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Non-Review Review: Lincoln

Steven Spielberg’s Lincoln might just be the most fascinating exploration of the overlap between legal, moral and democratic power ever produced. Abraham Lincoln’s name might brand the film, and Daniel Day-Lewis’ sensational performance might hold it together, but there’s a very clear sense in watching Lincoln that the film is more preoccupied with lofty philosophical questions about the role of a ruler in a democracy. The Civil War and the 13th Amendment provide a backdrop, but Lincoln seems more concerned with how those elected must wield the mandate given from the people. Must they always represent the views of the people who elected them, or is their job to lead?

Note: Not a Vampire Hunter...

Note: Not a Vampire Hunter…

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“It’s None of Your Damn Business What I Think About That”: Tarantino and the Limits of Film Directors…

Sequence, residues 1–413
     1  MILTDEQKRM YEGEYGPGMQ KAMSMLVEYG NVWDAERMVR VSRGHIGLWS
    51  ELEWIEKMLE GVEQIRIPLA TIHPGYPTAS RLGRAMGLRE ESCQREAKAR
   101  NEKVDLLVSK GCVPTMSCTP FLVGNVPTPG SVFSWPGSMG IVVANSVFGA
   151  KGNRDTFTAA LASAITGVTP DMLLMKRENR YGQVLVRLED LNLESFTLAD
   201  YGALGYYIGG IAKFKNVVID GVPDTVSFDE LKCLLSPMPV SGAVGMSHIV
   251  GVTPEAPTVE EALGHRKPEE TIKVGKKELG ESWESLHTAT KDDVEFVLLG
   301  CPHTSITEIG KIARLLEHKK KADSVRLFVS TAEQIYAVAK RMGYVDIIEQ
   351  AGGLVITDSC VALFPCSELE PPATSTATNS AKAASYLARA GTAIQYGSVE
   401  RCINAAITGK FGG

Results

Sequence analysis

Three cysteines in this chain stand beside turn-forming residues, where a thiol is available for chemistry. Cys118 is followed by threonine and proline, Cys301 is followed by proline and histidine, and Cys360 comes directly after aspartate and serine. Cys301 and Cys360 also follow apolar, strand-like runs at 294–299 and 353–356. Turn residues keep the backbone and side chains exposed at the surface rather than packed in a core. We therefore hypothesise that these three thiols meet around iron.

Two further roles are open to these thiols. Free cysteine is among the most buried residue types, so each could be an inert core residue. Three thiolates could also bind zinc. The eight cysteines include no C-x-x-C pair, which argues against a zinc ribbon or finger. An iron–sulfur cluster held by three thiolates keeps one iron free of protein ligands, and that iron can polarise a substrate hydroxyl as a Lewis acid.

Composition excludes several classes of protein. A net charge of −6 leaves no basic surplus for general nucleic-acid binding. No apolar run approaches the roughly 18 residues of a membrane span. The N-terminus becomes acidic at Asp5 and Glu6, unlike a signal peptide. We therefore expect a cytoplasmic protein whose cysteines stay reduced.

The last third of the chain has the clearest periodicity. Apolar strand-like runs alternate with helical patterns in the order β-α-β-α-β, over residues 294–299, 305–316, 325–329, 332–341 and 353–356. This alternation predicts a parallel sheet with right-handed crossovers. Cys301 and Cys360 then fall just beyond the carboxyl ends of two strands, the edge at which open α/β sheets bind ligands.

It’s a clip that’s gone viral. Tarantino lashing out at Channel 4 interviewer Krishnan Guru-Murthy has become something of in internet touchstone. “I’m shutting your butt down,” the director protests after getting another of those inevitable questions about the link between movie violence and real-life violence. It’s cringeworthy and awkward, and it plays into Guru-Murthy’s hands better than a straight answer would have, but I can’t help but empathise with Tarantino’s position.

Incidents like the shooting in Aurora or Connecticut shooting are truly horrifying and very hard for us to contextualise. I can understand Tarantino not wanting to get into that debate, because it’s really not the place of anybody involved in cinema to talk about it. It’s arrogant for anybody with any film background to try to relate their work to it, and it’s negligent of any journalist to try to sensationalise a link between film violence and real violence when the real questions are tougher, more uncompromising and more uncomfortable than a quick jab at Tarantino.

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12 Movie Moments of 2012: Chris Cooper Raps (The Muppets)